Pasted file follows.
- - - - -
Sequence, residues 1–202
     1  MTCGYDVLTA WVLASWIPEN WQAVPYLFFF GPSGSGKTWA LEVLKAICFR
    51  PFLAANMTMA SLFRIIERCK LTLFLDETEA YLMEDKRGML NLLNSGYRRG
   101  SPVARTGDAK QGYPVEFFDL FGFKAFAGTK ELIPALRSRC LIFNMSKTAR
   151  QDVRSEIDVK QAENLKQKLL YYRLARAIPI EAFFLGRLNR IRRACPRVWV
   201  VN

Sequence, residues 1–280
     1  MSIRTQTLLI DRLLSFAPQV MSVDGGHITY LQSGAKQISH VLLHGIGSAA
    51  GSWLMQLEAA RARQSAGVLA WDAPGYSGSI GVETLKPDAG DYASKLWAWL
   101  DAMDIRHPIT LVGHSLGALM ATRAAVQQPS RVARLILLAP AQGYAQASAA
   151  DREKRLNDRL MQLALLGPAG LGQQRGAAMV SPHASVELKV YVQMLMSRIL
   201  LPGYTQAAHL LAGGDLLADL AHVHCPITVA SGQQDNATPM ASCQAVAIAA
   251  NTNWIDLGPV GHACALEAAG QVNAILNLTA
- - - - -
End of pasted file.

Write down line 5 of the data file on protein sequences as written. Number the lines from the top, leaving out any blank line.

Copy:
   151  QDVRSEIDVK QAENLKQKLL YYRLARAIPI EAFFLGRLNR IRRACPRVWV